Treatise on Invertebrate Paleontology, Part G. Trepostomata

Staff: C.J. Buttler

Bryozoa are small, colonial animals, also known as moss-animals or sea-mats. The majority of this group live in the sea and generally build a rigid skeleton out of calcium carbonate. The oldest fossil bryozoans are known from the early Ordovician Period.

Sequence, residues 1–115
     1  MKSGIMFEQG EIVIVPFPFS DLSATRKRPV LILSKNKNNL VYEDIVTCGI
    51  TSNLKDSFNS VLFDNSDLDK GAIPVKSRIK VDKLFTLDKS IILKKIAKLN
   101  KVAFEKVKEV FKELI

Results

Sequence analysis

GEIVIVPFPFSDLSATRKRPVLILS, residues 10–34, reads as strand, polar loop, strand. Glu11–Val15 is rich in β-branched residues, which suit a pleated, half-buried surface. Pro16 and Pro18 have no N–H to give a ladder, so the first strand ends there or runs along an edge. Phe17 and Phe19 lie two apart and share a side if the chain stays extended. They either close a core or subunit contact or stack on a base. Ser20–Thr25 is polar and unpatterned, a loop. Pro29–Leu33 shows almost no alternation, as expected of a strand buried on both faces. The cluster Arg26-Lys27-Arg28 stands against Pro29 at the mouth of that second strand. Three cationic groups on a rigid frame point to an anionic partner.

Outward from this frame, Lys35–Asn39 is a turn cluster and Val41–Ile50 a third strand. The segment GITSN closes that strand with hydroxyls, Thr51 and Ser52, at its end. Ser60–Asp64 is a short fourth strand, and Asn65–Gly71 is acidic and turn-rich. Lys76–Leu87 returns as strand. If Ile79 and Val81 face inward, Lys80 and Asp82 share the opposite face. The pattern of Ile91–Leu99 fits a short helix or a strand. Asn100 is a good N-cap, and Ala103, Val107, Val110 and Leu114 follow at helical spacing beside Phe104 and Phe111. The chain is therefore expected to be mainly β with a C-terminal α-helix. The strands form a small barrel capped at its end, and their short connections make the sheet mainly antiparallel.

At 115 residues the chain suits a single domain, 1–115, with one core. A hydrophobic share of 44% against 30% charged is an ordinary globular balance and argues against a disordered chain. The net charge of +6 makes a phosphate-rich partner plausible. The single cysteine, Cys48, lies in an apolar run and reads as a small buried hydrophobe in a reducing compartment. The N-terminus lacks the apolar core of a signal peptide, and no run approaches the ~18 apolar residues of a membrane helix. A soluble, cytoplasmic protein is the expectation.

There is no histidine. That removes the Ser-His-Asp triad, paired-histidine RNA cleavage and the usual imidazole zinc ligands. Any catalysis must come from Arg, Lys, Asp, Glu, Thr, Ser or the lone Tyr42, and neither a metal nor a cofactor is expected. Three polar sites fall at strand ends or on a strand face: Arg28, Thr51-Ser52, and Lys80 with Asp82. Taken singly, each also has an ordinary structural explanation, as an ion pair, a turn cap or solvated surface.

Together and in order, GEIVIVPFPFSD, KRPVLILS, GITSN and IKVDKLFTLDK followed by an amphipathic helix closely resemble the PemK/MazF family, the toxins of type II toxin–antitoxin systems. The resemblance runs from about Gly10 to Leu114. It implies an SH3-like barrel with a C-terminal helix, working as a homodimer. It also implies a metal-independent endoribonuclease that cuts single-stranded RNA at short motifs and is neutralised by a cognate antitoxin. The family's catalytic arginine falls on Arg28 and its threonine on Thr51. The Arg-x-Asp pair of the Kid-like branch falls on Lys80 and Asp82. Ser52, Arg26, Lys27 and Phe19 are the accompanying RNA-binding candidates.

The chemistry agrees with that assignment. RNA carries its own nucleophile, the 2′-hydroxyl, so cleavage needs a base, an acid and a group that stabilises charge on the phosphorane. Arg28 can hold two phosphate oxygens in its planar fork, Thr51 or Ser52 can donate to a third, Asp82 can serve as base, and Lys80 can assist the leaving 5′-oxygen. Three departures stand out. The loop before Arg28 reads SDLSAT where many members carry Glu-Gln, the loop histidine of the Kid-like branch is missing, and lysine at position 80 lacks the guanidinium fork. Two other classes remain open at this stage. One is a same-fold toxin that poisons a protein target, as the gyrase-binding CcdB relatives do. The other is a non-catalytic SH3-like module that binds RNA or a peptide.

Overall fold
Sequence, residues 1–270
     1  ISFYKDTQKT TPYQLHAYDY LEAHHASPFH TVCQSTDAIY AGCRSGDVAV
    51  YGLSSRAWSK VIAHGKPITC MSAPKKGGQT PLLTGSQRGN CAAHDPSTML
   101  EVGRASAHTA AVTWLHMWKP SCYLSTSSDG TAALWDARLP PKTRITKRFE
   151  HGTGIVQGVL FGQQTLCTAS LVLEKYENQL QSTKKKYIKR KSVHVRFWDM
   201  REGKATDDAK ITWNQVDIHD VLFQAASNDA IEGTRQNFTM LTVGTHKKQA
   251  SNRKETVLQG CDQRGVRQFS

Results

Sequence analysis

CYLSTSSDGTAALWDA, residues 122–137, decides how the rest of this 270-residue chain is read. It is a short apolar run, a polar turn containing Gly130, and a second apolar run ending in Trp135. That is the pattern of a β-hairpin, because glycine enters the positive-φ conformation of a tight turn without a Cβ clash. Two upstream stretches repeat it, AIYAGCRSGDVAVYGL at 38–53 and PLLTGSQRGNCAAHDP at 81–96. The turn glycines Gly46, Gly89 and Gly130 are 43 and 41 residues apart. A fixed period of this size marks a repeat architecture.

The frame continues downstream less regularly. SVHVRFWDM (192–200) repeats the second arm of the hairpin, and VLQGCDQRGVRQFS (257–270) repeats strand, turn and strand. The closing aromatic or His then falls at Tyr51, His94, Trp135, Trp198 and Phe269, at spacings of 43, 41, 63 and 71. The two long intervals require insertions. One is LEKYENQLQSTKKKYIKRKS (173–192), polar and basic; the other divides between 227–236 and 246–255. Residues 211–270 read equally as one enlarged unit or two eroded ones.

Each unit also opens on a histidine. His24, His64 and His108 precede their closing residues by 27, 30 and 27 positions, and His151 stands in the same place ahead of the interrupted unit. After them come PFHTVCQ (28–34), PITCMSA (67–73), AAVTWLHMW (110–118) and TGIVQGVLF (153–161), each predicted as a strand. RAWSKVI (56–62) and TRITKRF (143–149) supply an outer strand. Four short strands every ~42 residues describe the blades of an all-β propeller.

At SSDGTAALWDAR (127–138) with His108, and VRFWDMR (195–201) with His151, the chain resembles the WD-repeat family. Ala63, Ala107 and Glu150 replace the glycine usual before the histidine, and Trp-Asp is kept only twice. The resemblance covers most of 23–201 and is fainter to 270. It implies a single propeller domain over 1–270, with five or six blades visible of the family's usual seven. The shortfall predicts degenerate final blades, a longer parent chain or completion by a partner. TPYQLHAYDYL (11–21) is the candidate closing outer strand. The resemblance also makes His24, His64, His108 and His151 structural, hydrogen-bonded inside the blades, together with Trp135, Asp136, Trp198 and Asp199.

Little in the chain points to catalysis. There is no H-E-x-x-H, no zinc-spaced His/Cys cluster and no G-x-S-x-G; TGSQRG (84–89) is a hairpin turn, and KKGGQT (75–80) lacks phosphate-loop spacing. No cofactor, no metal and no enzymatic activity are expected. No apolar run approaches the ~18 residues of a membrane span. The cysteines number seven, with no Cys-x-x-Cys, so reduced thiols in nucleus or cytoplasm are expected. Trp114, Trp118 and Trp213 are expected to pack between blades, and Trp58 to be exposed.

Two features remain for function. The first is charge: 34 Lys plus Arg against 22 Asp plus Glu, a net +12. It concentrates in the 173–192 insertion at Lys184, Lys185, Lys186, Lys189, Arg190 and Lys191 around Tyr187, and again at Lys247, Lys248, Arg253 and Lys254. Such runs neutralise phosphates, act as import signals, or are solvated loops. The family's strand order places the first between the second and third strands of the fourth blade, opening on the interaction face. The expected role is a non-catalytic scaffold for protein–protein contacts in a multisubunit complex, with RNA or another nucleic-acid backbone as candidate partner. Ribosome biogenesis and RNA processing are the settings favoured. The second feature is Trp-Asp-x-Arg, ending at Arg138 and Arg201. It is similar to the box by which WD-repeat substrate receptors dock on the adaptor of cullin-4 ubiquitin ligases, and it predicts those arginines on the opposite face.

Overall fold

The volume on bryozoans was one of the first parts of The Treatise on Invertebrate Paleontology to be published. The 1953 volume, written by the American palaeontologist Ray Bassler, was just over 250 pages long and described and illustrated all the then known fossil bryozoan genera. Less than twenty tears later it was realised that a second edition would be needed because of the significant advances in knowledge that had been made. The first of the revised editions was published in 1983; this volume, over twice the size of the first, had a detailed introduction to the group and described the genera of two bryozoan orders. The second of the revised editions is currently in preparation. It will also include two orders: the fenestrates, being described by Dr Ken McKinney (Appalachian State University) and Dr Patrick Wyse Jackson (Trinity College, Dublin) and the trepostomes by Dr Richard Boardman (Emeritus Curator, National Museum of Natural History, Smithsonian Institution) and C.J. Buttler.